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Esther John (Urdu: استر جون) (born Qamar Zia (Urdu: قمر ضياء) on 14 December 1929; died 2 February 1960) was a Pakistani Christian nurse who was murdered in 1960. In 1998, she was honored with a statue above the great west door of Westminster Abbey, among nine other Christian martyrs of the twentieth century.
Qamar Zia was born into an Islamic family on 14 December 1929, in British India. She attended a Christian school from the age of seventeen, and was so inspired by the Book of Isaiah that she decided to convert to Christianity.
Zia's family migrated to the newly-born Pakistan in 1947. She continued to study the Bible in secret, and seven years later ran away from home, fearing that her family would force her into a marriage. She took a job in an orphanage in Laugesen, Karachi, and changed her name to Esther John. In June 1955, she moved to Sahiwal, where she lived and worked in a mission hospital. From 1956 to 1959, she trained to be a teacher at the United Bible Training Centre in Gujranwala, then spent the remainder of her life evangelizing in the villages around Chichawatni.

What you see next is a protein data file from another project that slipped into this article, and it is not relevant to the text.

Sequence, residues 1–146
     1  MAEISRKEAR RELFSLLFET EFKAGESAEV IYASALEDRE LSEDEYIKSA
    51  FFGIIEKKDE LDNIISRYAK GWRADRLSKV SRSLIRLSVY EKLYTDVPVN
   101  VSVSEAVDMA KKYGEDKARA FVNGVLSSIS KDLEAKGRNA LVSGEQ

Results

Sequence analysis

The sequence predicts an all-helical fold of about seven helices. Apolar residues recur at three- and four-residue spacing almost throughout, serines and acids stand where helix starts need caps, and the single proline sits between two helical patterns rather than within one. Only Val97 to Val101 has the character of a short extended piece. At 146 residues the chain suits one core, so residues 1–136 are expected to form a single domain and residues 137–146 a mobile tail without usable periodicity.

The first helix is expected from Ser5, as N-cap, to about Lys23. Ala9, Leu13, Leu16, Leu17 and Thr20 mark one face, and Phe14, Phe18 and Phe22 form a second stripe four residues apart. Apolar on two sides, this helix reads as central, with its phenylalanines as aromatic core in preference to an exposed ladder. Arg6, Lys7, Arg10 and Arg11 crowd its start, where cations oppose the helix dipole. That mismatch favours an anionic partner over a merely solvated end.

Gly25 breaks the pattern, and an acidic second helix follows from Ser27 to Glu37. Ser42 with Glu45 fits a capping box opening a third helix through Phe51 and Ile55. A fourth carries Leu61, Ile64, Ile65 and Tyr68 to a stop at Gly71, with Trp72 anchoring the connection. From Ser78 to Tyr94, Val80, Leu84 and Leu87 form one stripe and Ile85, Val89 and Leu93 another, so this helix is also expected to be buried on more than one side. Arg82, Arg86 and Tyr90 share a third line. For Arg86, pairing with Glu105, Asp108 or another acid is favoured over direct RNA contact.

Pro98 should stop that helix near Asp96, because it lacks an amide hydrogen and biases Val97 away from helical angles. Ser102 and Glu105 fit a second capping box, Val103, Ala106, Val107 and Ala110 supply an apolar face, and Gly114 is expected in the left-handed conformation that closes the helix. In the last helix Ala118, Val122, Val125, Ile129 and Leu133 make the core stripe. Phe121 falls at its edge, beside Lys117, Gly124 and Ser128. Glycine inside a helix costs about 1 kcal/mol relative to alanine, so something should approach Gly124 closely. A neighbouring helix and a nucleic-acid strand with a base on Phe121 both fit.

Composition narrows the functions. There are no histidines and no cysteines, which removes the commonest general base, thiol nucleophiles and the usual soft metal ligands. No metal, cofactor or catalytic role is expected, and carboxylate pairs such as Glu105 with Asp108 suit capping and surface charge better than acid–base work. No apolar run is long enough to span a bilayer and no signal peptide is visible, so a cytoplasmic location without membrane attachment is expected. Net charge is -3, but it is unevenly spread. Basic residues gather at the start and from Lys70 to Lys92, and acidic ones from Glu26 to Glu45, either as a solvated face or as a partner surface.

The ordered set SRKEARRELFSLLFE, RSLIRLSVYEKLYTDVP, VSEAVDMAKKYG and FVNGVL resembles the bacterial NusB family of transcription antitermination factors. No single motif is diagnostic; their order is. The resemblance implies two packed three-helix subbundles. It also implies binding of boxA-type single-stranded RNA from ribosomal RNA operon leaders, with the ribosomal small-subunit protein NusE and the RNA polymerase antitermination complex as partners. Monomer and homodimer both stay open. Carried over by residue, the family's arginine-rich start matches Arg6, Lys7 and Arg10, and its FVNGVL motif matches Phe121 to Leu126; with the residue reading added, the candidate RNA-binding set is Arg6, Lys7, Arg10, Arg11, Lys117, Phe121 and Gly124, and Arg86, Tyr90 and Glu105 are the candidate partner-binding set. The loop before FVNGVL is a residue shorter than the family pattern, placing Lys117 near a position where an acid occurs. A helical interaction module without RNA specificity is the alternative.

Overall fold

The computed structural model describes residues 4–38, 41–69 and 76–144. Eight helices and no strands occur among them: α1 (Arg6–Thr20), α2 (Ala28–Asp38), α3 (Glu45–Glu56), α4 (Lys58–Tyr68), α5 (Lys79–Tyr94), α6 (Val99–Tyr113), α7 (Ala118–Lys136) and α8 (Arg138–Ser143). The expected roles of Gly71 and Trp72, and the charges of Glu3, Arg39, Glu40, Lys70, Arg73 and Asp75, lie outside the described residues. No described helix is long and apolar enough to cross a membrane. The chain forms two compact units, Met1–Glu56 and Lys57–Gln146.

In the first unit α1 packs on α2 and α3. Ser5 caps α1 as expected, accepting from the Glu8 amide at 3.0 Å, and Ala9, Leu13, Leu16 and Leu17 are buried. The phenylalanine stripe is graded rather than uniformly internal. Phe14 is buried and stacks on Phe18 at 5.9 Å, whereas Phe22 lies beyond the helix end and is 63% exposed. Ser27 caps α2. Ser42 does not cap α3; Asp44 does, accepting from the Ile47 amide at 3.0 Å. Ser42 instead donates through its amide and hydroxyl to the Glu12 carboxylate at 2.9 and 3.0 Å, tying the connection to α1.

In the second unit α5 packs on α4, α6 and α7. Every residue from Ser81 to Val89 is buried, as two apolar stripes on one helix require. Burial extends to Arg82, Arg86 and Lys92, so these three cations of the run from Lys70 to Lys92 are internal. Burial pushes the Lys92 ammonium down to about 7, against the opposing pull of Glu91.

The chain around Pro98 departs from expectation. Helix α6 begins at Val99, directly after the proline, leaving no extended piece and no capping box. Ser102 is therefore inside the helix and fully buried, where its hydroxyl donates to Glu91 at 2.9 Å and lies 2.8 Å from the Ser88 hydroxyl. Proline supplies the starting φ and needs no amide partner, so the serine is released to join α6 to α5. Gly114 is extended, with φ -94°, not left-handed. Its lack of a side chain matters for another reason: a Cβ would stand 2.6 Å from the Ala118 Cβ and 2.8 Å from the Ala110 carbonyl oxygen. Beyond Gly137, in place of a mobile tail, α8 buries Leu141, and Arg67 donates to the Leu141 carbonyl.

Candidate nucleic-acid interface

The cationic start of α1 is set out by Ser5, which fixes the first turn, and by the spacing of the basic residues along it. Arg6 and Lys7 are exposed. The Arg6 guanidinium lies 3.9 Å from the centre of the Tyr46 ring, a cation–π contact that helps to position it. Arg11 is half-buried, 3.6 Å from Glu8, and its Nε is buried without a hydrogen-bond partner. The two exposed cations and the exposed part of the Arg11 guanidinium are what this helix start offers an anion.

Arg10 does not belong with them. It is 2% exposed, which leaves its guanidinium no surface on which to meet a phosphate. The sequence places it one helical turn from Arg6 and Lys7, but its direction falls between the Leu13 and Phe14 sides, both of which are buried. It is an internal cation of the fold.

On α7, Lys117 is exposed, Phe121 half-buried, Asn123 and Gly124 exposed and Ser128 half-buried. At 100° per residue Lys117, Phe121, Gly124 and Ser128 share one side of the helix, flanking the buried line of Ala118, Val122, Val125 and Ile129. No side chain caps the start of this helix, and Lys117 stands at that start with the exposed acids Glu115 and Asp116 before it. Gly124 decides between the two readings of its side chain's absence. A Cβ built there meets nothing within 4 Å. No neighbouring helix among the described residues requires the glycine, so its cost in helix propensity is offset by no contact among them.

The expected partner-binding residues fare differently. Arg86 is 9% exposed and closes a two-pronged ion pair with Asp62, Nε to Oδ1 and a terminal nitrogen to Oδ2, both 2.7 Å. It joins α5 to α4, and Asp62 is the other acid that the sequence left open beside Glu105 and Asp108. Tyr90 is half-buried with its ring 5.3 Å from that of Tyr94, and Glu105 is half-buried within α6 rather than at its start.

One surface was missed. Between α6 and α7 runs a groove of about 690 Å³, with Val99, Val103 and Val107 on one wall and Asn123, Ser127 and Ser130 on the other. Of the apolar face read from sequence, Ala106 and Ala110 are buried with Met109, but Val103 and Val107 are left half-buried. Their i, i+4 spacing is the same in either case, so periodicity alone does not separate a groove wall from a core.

Esther John was found murdered in her bed on 2 February 1960, at her home in Chichawatni. She was buried at the Christian cemetery at Sahiwal.
In 1998, ten statues were unveiled above the great west door of Westminster Abbey in London, depicting ten 20th century Christian martyrs. Esther John was among them, alongside such figures as Óscar Romero and Martin Luther King, Jr.